Maggie Ollerenshaw, a proud Mancunian now resident in Stalbridge, is perhaps most famous for playing comedic Northerners, particularly in the sitcoms Last of the Summer Wine and Open All Hours (and Still Open All Hours). She has also appeared in various other television roles such as Holby City, Doctors, Heartbeat and Midsomer Murders, but off-screen has demonstrated a versatile ability, playing intense American leads in Who’s Afraid of Virginia Woolf and A Streetcar Named Desire, as well as Shakespearean roles in The Merry Wives and King John. In addition, she has toured internationally in her own show Sincerely Yours, a tribute to singing legend Vera Lynn.
1. What’s your relationship with the Blackmore Vale (the North Dorset area, not us!)?
It all began with my husband (actor Geoff Leesley) and his son, Sam, who is autistic. When we got together in the early 2000s, Sam was at the Forum School in Shillingstone. Geoff lived in Sussex, I was in London, and we were looking for a home together. We instinctively headed west and first of all we came across Frome. We bought a house there in 2002, but we couldn’t find the house we really wanted. In 2016 we finally found the house of our dreams – and moved to lovely April Cottage in Stalbridge, opposite the church. It’s so quintessentially English!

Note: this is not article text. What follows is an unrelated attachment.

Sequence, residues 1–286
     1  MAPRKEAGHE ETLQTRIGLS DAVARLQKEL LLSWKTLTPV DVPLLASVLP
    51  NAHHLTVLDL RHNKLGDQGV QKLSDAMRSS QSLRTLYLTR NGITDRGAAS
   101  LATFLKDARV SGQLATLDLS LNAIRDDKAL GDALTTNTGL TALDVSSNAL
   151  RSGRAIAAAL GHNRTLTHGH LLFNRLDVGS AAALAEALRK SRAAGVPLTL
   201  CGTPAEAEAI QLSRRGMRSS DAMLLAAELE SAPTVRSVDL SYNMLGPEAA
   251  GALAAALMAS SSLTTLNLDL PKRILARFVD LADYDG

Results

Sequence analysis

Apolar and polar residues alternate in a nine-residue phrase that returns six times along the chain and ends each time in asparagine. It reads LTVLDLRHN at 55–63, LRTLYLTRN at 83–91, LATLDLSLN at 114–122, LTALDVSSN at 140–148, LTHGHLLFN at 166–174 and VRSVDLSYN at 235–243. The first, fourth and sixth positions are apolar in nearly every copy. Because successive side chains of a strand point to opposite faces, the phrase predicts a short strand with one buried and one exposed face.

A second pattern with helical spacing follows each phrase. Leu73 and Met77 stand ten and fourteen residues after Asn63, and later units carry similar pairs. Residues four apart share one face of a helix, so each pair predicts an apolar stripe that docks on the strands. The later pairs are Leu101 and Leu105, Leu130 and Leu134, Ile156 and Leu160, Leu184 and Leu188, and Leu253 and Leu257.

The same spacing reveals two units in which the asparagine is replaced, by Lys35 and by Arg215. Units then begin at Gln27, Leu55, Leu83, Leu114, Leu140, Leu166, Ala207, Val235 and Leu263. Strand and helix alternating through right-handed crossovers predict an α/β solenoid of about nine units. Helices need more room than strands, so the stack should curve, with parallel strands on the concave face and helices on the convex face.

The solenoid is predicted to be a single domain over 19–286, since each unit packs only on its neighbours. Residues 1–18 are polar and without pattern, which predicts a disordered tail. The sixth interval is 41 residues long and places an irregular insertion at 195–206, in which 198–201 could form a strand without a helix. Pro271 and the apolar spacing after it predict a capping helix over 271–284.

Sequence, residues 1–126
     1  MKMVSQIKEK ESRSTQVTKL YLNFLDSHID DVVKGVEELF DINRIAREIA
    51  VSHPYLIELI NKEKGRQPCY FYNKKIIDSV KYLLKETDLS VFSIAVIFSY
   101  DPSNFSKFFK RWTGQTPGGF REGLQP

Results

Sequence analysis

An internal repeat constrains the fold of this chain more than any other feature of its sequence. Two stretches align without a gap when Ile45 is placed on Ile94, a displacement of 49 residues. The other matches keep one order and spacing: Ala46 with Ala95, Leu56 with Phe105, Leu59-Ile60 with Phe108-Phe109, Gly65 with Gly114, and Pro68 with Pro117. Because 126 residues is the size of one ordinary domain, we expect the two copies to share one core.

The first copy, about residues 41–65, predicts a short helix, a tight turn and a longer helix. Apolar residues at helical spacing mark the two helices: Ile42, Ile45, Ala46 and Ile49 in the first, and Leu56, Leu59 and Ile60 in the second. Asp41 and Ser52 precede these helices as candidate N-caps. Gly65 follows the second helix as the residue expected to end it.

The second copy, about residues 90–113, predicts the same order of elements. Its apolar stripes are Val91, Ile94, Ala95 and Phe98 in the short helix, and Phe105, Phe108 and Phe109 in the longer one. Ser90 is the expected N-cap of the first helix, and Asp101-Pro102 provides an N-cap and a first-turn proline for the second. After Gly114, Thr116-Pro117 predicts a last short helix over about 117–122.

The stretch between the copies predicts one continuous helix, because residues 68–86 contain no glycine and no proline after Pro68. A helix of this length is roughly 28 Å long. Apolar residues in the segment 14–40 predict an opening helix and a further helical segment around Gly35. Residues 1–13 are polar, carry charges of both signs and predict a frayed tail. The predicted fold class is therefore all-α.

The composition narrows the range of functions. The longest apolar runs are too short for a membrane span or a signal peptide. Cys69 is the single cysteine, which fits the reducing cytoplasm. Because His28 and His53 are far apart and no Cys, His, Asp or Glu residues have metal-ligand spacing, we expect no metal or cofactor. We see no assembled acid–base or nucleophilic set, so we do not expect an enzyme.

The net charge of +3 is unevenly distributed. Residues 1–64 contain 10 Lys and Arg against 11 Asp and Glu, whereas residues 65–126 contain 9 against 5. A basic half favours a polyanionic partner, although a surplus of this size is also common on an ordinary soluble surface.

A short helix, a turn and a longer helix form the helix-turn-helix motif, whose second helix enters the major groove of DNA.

2. What was the last song you sang out loud in your car?
It was (Make me an) Angel from Montgomery – it’s a country song. Bonny Raitt is the singer most associated with it – she didn’t write it but was a great friend of John Prine, who did.
My musical taste is quite eclectic – I certainly wouldn’t call myself a Country and Western girl. But the lyrics to this are just fantastic. It’s like a play. The character is a middle-aged woman who feels older than she is, and she wants to get away from her life and where she lives, which is Montgomery, Alabama. It’s wonderful.
I discovered it when BBC4 ran a repeat of an old concert from the 80s when Bonny Raitt was over here doing a tour. It was at the Shepherd’s Bush Empire, I think. This was one of the songs she played, and I just thought ‘that’s amazing!’
3. What was the last movie you watched? Would you recommend it?
It was a film called Cyrano, based on Cyrano de Bergerac. It stars Peter Dinklage, the small actor people will know from Game of Thrones. The original story is that Cyrano has this enormous nose – he’s in love with a beautiful woman but it’s all hopeless, and instead she falls in love with a very handsome man. Cyrano has a wonderful way with words, however, and he ends up writing the handsome man’s love letters to Roxanne. Brilliantly, instead of using Cyrano’s enormous ugly nose, the film uses Peter’s height. So clever! It’s sumptuous to look at, too. It’s a musical, but I would hesitate to describe it as one because the song interludes are so integrated into the narrative you almost don’t notice.
The other thing I love is the message – especially in this age of celebrity. The story emphasises that it isn’t what you look like that’s important. It’s really not. And it’s a message that needs saying over and over.
4. Your favourite quote? Movie, book or inspirational? We won’t judge, but would like to know why.
It’s by John Guare, the American playwright. He was once asked to go to his old college to talk to leaving students. He said (I’m paraphrasing) “the world doesn’t need more lawyers and bankers, we need dreamers, we need people with imagination. Please don’t get up in the morning and hate your life and hate what you do.”